I use sea bass fillets because they are so easy to work with and will not fall apart during the cooking process, like some other more delicate varieties. The vinaigrette is light and flavourful, and the leeks are the perfect accompaniment to this delicious dish. They need nothing more than a bit of butter, a sprinkling of salt and pepper, and the result is sublime.
Genius Sea Bass with Leeks and Herb Vinaigrette Recipe:
Season 6 sea bass fillets with salt, pepper. Coat fish with flour seasoned with a bit of salt, pepper, and a vegetable salt. Fry the coated fillets in 3 tablespoons vegetable oil until golden on both sides. Put aside. At serving time, warm fillets (without vinaigrette) and pour vinaigrette on top of fish right before serving.
1 Tablespoon chopped fresh cilantro
1 Teaspoon chopped shallots
1 Teaspoon chopped fresh parsley
1 Teaspoon capers, drained
Combine all ingredients. You can also add lemon juice to taste, and adjust with salt and pepper. Sun dried tomatoes would make a pretty garnish.
Place the sea bass fillets on top of a bed of leeks that have been sautéed in butter and seasoned with salt and pepper. To prepare, remove the green tips and only use the white part of 5 leeks. Cut leeks in half lengthwise. Wash thoroughly. Chop into ½ inch pieces. Remove excess water and then sautee in the 2 tablespoons butter until soft, about 20 minutes at medium heat.
Pan Seared Scallops
- 12 large sea scallops
- 1 tablespoons canola oil
- Salt and pepper
- ½ cup sesame seeds
- 4 cups mesclun salad mix
Season scallops with salt and pepper. Place sesame seeds on plate. Pat down top and bottom sides of each scallop in sesame seeds.
In a sauté pan, over medium-high heat, add remaining tablespoon canola oil. When oil is hot, add scallops, placing them crusted-side down. Sear for approximately 1 minute, or until sesame seeds brown. Turn and sear on other sesame-crusted side for 1 minute.
Chef Dominador Valeros, Hampton, VA
Recipe from “Chefs’ Seafood Symposium” archives, courtesy of Virginia Sea Grant
Crab Herb Crusted Chilean Sea Bass and Lugana Wines
Have you heard of Lugana wines? This month the Italian Food, Wine, & Travel group is taking a closer look at the growing popularity of Lugana wines. The Lugana DOC was established in 1967. It is a small wine growing region in northern Italy located on the southern shores of Lake Garda near Verona and lying between Lombardy and Veneto. The soils are chalky limestone and clay, rich in mineral salts. The region produces white wines exclusively and is known for its dry white wines produced from the Trebbiano di Lugana grape variety (known locally as Turbiana).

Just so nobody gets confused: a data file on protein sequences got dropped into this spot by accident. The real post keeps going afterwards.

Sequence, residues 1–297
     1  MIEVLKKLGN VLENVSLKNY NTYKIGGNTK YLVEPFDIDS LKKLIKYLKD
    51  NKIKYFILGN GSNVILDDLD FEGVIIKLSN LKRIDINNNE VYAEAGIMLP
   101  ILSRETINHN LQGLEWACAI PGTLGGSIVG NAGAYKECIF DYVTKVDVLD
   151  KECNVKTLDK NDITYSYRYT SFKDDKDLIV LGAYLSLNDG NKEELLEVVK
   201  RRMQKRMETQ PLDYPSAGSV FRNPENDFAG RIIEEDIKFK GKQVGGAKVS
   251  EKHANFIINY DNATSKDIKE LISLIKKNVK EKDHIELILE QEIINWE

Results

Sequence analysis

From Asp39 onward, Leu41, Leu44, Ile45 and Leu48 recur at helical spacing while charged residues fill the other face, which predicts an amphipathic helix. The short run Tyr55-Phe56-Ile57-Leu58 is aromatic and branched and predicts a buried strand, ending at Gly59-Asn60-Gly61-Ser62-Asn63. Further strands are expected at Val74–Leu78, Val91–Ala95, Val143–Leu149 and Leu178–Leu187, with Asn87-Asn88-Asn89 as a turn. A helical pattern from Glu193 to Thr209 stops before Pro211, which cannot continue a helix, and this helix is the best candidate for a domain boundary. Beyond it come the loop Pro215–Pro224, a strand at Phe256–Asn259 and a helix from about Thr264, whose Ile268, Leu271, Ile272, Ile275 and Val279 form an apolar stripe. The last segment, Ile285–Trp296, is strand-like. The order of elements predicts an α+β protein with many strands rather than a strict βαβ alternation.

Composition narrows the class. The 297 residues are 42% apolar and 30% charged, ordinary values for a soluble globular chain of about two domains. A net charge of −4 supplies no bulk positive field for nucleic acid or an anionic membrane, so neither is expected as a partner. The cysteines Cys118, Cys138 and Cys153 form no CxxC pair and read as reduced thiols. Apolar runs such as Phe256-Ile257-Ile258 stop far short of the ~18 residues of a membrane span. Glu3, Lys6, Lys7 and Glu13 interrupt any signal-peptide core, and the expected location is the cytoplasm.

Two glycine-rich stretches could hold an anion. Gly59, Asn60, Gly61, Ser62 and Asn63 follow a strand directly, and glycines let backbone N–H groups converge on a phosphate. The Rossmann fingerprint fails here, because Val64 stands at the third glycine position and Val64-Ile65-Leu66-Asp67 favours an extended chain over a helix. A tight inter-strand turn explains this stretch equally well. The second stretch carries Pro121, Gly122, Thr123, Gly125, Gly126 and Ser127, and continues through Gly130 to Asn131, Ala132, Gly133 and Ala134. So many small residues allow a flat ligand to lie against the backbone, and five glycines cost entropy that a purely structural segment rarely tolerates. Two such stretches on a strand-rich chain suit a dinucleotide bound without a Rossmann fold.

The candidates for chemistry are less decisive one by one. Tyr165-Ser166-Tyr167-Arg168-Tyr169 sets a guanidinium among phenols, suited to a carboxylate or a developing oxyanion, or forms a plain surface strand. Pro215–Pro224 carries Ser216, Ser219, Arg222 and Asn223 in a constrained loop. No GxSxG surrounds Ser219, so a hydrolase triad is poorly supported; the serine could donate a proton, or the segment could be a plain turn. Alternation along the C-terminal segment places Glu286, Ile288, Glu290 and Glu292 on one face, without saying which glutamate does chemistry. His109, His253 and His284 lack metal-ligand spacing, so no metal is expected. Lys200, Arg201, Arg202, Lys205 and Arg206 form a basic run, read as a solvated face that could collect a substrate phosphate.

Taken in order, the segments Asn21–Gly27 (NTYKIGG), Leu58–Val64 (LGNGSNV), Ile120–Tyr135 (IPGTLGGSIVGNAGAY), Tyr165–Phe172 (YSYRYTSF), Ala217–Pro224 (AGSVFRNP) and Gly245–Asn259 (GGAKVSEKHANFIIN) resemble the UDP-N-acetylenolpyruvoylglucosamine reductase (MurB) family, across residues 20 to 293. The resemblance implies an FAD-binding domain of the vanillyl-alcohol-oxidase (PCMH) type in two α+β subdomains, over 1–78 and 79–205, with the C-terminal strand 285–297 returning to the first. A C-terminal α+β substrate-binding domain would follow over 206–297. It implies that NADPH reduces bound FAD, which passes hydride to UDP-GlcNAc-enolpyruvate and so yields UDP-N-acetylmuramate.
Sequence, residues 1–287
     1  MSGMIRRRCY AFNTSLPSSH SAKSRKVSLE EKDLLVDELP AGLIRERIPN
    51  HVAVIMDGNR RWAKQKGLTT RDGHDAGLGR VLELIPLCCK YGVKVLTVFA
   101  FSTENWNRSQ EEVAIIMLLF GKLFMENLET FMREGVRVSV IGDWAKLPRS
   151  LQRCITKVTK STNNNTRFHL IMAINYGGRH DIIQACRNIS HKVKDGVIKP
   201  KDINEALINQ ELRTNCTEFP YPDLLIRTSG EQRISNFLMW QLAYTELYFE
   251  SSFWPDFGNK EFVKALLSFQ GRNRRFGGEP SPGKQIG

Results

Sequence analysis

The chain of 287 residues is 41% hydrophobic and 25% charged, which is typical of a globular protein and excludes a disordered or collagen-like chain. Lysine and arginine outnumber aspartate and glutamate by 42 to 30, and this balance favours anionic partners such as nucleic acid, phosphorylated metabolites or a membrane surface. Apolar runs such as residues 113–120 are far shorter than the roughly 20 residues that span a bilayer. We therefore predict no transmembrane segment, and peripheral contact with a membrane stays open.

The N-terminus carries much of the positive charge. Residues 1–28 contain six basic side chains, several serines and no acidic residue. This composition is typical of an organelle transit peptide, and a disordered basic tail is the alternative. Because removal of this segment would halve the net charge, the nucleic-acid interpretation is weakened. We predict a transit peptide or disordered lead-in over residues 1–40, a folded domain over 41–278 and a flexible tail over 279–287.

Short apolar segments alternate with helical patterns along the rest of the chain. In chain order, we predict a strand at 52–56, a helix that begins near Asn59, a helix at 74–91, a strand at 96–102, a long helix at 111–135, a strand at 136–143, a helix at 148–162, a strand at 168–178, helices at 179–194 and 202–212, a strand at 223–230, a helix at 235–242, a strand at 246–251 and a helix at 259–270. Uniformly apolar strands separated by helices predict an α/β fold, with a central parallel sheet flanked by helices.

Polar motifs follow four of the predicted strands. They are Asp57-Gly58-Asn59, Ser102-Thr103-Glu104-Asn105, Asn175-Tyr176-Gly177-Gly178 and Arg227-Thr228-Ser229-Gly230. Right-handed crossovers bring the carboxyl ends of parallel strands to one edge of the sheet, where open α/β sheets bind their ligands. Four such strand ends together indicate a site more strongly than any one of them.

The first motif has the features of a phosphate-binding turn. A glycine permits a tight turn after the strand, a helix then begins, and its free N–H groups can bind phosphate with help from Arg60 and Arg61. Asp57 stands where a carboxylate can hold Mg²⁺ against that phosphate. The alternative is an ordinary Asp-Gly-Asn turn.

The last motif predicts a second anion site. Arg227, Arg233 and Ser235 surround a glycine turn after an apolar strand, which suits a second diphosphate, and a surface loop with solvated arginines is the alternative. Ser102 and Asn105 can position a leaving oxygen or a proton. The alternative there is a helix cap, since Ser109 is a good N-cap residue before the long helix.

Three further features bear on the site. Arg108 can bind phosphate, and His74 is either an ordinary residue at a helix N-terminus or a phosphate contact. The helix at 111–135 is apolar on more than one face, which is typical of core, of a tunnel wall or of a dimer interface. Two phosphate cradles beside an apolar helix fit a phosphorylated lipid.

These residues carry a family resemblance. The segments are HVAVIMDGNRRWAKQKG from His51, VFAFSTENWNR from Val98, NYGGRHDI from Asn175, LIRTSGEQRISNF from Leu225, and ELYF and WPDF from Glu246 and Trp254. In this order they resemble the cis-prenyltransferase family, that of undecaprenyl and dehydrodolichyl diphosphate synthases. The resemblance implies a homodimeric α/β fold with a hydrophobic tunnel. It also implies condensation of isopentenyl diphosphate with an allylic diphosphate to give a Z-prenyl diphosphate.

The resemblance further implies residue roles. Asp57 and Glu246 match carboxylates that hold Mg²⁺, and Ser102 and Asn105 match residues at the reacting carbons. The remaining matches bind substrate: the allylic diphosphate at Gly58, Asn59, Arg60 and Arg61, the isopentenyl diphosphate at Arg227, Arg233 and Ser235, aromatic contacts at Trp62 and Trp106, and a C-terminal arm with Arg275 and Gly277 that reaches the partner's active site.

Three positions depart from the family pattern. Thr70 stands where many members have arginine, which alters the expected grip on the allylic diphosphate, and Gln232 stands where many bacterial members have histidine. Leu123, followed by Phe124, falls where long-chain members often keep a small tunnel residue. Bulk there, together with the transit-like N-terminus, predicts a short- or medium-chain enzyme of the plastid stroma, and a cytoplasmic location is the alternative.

The Five styles of Lugana wines
1 – Lugana – A fresh young wine, considered the basic. This style makes up 90% of the Lugana wines produced. Common aromas and flavors floral, almond, and citrus
2 – Lugana Superiore – Aged for at least one year. Common aromas and flavors herbs, apples, citrus fruits, hazelnuts, spices, and minerality. More noted complexity.
3 – Lugana Reserve – Aged at least 24 months including six months in the bottle. Common aromas and flavors flint, balsamic, and minerality. Even more noted complexity.
4 – Lugana Late Harvest – A new experimental wine. Made by over-ripening the grapes on the vine. Modeled after the German Spätlese wines. A soft textured wine, heavier, with the acidity balancing the sweetness.
5 – Lugana Spumate – A sparkling wine produced either in the Charmat or classic method. Charmat method commonly exhibits freshness, citrus, creaminess, and a generous perlage. The classic method is commonly more elegant, complex, and with a crisp perlage. (Source)
My Tasting Notes
2016 Perle del Garda Lugana
12.5% abv | $14.00 SRP (sample) | 100% Trebbiano di Lugana
Pale lemon with a green hue in color. Medium+ acidity and medium- bodied. Notes of green pear and citrus with a soft texture on the finish. Nicely balance.
2016 Pasetto Emilio Cascina Albarone Lugana
13% abv | $9.00 (sample) | 100% Trebbiano di Lugana
Pale lemon with a green hue in color. High- acidity and medium- bodied. On the palate bright citrus, green apple, slight bitter almond, and an oily texture.
Disclosure: The wines were provided to me as media samples. All opinions are my own.
My Food Pairing
Trebbiano di Lugana is the perfect match for seafood, poultry, light pasta, and vegetarian dishes. It’s bright acidity, and refreshing characteristics are the ideal pairing for simply prepared dishes made with top quality ingredients. I paired the Lugana wines with Crab Herb Crusted Chilean Sea Bass, new Yukon potatoes, and fresh green beans.